Ever since late April, the preponderance of the hits on this blog have had to do with our batrachian and other amphibian friends. I guess frogs just strike a chord with people, which is good, because of things I’ve already said. It’s heartening and at the same time saddening that we keep finding new species and a few representatives of ones we thought were gone for good (“hooray, we found 23 magenta-toed West Carolina Peepers this year! damn, they’re all about to be paved over for a new Wal-Mart!”), but as my saying goes, “all we can do is all we can do.”
There was an old quarry full of water in Golden Gate Park in SF that my pal Rick and I used to go to in the middle of the night, back in the early ’80s, which we called the “frog pond.” We’d sit there and just listen, while drinking Sierra Nevada stout. Once we got settled and stopped making noise, the little ones would start chirping. Patience is a virtue, and after a while the medium-sized ones would add their mezzo to the chorus. Wait long enough and the big boys down at the far end of the little lake would add their deep bass croak. Make any kind of a sound, and they’d all stop, and you’d have to hold your breath for a while for the symphony to begin again.
There’s a little pond called the Woodland Pool at Tower Grove Park, a mile or so from where I live now in St. Louis, where a similar but micro-version of that used to occur, and I’ve sat there at night for the same experience, minus the venerable big frogs. I haven’t seen any froggies there in a while, and I’m hoping they haven’t gone extinct at that location; I’ve been trying to contact the park to help, in case they need to reintroduce native species. I’ve fished out beer bottles and trash from the Pool in the past. TGP isn’t a city park, it’s privately funded from a grant left by Henry Shaw, founder of the Missouri Botanical Garden next door, back in the 19th century. That didn’t last forever, of course, and their director e-mailed me to say that they get by on city appropriations, fees, and donations from “Friends of Tower Grove Park.” At any rate, being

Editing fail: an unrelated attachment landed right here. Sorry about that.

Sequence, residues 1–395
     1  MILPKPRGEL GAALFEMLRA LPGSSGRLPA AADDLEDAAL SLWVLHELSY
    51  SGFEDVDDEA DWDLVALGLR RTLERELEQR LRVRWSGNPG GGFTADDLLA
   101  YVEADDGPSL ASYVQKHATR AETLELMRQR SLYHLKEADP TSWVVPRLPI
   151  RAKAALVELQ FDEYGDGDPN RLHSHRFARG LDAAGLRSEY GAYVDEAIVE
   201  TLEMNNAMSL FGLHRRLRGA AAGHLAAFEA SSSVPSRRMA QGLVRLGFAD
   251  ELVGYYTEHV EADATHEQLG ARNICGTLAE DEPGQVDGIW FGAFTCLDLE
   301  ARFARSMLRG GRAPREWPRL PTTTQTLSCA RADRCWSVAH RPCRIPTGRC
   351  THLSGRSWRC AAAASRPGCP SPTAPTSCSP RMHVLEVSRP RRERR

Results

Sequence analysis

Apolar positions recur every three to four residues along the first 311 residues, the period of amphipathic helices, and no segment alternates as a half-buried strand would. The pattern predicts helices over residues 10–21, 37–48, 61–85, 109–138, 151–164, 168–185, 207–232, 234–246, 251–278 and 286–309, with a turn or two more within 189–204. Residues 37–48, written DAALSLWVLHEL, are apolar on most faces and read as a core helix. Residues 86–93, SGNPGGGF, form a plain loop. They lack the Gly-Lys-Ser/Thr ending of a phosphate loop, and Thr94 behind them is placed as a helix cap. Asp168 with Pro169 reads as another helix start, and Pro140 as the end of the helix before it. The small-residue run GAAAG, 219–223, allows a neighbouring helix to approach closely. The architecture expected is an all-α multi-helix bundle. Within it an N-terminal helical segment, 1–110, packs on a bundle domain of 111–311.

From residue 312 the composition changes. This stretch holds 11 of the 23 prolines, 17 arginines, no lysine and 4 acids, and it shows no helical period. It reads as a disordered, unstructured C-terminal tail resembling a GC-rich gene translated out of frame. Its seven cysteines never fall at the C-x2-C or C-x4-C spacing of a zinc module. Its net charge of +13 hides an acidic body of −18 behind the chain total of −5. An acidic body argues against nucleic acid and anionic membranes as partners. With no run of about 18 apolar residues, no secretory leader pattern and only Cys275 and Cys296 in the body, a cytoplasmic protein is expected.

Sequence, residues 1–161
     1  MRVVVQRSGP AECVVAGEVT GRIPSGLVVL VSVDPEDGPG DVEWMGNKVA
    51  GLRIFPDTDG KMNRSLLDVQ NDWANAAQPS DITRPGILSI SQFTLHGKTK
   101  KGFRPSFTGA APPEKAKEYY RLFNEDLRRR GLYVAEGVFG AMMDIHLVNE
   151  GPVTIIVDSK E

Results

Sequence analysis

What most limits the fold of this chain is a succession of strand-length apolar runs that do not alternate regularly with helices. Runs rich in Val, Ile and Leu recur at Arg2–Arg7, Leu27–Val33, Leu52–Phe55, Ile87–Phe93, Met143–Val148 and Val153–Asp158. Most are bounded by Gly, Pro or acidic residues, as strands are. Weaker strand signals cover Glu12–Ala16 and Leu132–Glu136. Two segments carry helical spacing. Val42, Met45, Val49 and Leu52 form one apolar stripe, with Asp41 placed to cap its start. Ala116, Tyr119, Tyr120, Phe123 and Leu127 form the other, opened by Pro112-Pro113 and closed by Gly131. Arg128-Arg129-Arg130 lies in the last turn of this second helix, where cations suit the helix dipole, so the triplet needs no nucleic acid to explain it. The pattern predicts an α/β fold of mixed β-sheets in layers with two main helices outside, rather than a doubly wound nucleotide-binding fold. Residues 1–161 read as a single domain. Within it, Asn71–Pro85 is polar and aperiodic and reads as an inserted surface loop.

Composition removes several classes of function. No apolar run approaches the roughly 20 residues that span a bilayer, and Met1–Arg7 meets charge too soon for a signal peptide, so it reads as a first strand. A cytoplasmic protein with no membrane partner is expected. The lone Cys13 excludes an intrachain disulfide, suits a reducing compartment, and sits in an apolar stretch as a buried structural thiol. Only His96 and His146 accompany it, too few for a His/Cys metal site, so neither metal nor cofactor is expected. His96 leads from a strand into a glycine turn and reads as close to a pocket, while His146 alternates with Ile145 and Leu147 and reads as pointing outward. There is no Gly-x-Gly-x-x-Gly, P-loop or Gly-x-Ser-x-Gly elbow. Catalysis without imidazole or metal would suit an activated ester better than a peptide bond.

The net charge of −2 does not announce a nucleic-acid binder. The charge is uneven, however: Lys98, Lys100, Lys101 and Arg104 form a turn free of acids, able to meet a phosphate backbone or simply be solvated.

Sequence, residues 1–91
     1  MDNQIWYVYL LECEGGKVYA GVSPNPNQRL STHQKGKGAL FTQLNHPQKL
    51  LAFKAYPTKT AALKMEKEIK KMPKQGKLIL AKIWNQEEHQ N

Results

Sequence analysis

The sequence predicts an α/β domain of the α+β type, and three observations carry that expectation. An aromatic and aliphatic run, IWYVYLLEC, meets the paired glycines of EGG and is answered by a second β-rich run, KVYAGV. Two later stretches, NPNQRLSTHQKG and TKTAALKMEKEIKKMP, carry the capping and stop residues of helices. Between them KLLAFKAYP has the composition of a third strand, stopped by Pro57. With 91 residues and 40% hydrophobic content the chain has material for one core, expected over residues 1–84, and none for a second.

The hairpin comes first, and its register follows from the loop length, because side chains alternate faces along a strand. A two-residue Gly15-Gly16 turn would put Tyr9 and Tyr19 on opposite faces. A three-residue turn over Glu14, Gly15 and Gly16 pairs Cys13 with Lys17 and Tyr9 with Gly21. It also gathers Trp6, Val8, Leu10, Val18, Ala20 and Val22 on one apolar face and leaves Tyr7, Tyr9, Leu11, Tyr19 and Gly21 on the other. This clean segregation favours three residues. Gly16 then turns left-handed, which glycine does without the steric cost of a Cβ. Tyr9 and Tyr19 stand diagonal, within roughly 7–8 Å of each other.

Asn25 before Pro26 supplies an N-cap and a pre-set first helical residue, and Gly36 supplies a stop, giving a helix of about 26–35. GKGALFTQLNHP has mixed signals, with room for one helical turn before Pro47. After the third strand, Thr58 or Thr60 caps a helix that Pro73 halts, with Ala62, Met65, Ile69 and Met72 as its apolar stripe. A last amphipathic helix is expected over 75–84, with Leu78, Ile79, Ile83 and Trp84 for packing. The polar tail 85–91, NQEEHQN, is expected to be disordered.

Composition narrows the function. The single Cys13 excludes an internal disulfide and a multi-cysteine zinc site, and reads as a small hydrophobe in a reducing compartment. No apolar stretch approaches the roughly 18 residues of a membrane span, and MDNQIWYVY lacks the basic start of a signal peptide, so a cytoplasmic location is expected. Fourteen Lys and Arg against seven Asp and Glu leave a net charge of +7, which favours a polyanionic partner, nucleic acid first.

privately owned is one reason why that park is relatively free of litter, prostitution, and gang activity. There’s a resident coyote, plus red foxes, owls, herons taller than I am, and redtailed hawks, and there’s a bird sanctuary on the other end of it. It’s also a dog-walker’s paradise, and I always have a little Ziploc of doggie biscuits so I can make friends. I just talked with John Karel, the director, who clued me in to the fine points of park management: TGP is public but not run by the city parks department. Instead, it has a separate State-appointed commission that oversees its operations. He also said that they keep trying to reestablish frogs and toads at Woodland Pool, but that there are water issues involved. Keep me away from politics, because I’m a gadfly, and keep me nearby when I can do something to help Mother Nature. Thanks for the info, John! I had an enjoyable convo with ya.
The other thing that came to mind this morning is that I always forget to add tags to my posts. I didn’t even KNOW about doing it until a fellow animal-rescue person clued me in, so now I do it every time, or, more often, edit them in after I fire off a post in haste, posthaste, in my enthusiastic reverie. Perhaps that’s why the frogs are #1, and the sea turtles are #2 on here. Whatever, I’m glad y’all tune in to my rambling meanderings and philosophizing. Keeps me goin’. Here’s a photo of a ceramic bowl with six frogs that my rescue friend found for me online. It has the place of honor on my coffee table. Ribbit!